Offense Is Up in Baseball in 2015

While offense hasn't returned to the production of the last 1990s and 2000s, scoring is up a bit this year.

One of the perceived problems with baseball is that scoring has been down in recent years.

We've gone through a string of "Year of the Pitchers" recently. So many, in fact, we really should be calling it the "Half Decade of the Pitcher." And make no mistake, pitchers are still getting the better of hitters at a higher rate than they did during the steroid era.

In 2003, Major League pitchers averaged an ERA of 4.40 with a strikeout per nine innings rate (K/9) of 6.40 and a home run per nine (HR/9) rate of 1.08. Through Monday's games this year, pitchers have an ERA of 3.93 with a 7.66 K/9 and a HR/9 of 0.95. So yeah, pitchers are having a much better season than they did back in 2003.

But the complaint from some has been that baseball is more boring now that scoring is down. And when you compare it to the steroid-infused era of the late 1990s and 2000s, scoring is way down.

Again, using 2003 as an example, batters put up a slash line of .264/.333/.422 with a weighted on base average of .328, with 5,207 home runs hit and 22,978 runs scored. Last year, the slash line was .251/.314/.386 with a wOBA of .310, 4,186 homers and 19,761 runs scored. But perhaps things are looking up.

And 2015's offensive output doesn't just outmatch that of a season more than a decade ago. Below are the stats for last year and this year.


Across the board, offense is slightly up through the first seven weeks of the Major League season, but there has been a significant jump in slugging percentage, which is good news for fans who want to see more scoring.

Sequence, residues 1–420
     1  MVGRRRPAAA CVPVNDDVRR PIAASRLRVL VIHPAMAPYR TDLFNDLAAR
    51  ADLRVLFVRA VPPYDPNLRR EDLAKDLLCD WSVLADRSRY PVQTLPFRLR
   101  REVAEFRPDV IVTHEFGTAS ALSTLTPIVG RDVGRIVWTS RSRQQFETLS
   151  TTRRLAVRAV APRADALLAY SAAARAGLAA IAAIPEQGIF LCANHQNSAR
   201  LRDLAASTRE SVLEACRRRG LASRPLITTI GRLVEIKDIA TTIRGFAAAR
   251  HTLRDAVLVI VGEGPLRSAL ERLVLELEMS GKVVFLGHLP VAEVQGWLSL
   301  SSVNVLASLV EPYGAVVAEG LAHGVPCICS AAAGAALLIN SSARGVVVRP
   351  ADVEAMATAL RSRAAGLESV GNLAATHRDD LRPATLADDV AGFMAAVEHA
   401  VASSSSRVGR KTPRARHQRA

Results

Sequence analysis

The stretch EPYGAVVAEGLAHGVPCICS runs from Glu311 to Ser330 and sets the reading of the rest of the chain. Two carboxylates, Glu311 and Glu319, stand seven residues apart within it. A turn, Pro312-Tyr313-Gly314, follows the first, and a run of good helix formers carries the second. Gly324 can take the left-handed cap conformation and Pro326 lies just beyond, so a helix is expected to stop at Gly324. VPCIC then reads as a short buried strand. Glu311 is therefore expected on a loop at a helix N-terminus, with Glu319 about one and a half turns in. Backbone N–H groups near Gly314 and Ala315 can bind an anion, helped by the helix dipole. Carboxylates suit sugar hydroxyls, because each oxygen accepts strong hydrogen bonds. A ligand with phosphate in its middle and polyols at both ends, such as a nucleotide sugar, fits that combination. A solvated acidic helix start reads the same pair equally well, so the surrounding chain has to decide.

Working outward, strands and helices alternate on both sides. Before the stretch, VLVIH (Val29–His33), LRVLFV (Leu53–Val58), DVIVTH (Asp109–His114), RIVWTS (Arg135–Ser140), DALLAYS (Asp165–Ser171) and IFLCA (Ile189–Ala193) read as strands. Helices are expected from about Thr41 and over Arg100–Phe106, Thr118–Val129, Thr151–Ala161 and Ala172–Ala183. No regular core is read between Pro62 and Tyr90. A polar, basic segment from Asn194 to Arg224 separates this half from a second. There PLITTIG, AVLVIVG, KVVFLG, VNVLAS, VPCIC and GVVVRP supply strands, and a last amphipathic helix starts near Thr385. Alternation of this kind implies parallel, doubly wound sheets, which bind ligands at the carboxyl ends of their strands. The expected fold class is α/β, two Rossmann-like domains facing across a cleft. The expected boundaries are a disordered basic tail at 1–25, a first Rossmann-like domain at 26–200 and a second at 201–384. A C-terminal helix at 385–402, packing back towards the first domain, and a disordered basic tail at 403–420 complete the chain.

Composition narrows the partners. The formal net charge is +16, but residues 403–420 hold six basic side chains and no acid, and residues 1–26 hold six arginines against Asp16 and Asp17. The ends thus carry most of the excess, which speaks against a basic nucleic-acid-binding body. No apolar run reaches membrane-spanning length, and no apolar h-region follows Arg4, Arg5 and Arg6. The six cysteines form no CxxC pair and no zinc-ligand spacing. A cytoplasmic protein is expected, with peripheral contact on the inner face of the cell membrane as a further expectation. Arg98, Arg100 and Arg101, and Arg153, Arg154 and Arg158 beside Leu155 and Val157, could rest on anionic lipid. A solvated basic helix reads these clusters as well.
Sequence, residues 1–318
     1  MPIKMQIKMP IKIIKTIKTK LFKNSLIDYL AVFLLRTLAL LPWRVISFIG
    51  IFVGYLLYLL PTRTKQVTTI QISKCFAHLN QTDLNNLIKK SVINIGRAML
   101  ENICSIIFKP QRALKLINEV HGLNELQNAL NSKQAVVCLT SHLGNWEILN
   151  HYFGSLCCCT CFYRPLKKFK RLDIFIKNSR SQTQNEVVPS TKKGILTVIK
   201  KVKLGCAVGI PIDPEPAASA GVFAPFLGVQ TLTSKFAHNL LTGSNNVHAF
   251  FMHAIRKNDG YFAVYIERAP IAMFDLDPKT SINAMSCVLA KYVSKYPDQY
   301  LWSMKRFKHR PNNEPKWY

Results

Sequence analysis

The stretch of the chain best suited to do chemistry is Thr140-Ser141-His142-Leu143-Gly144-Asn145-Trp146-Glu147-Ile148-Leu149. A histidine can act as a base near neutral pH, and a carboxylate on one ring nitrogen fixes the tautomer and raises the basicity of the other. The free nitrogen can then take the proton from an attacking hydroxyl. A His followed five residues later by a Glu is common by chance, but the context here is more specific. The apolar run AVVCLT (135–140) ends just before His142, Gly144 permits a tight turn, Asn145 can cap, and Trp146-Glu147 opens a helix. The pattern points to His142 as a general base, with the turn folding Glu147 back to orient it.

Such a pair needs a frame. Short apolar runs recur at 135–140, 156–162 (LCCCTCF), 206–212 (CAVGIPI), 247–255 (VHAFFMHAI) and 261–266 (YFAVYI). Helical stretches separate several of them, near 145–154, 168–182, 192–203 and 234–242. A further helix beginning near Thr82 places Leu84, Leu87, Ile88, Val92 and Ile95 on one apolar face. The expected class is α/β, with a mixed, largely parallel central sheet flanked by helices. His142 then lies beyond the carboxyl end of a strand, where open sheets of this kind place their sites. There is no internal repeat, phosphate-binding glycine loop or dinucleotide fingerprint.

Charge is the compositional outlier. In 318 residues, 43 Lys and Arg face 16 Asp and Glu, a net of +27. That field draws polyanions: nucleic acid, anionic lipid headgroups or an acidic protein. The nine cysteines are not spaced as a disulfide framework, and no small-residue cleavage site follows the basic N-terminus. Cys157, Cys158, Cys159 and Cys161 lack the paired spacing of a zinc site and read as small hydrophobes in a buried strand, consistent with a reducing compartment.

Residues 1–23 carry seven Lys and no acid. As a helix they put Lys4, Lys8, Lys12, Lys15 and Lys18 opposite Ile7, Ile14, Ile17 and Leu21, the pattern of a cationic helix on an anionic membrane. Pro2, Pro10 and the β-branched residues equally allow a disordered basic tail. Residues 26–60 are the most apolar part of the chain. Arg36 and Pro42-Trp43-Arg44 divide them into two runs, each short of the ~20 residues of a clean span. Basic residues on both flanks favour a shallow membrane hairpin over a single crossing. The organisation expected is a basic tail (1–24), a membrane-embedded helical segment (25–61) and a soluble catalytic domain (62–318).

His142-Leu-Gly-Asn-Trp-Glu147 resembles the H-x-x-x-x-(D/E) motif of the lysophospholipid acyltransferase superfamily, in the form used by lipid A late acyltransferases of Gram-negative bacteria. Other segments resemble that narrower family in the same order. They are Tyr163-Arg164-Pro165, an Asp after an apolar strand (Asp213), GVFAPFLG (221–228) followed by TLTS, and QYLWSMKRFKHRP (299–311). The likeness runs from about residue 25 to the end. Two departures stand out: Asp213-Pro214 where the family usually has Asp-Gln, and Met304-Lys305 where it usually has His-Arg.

Last year, in 2,430 games, Major League teams scored 19,761 runs, good for a combined 8.13 runs a game by both teams. So far this year, through 570 games, 4,821 runs have been scored, good for an average of 8.46, the highest total since 2012 when it was 8.46.

Of course, that's far from the high-water mark of 2000 when teams averaged 10.28 runs a game and pitchers were looking to crawl into a hole and die. But Rome wasn't built in a day.

And home runs are up on a per-game basis as well so far this year, from 1.72 homers per game in 2014 to 1.88 so far this season. But again, that's a far cry from the 5,693 homers hit in 2000, an average of 2.34 per game.

We're also starting to see some eye-popping individual performances that, before Barry Bonds, Sammy Sosa, and Mark McGwire obliterated the record books, would have been pretty exciting. Through his first 38 games this year, Seattle outfielder Nelson Cruz had 16 home runs, on pace for 68.2 this season. Washington's Bryce Harper had 15 through his first 40 games, on pace for 60.75, with 10 homers in his last 12 games.

We're a long way from declaring 2015 the "Year of the Hitter." In fact, pitchers are still dominating, with the 20.1% strikeout rate this year across the league just a few ticks better than last year's 20.4%.

But offense is up, and maybe hitters are starting to make some inroads here, as the pendulum inevitably swings back in the other direction.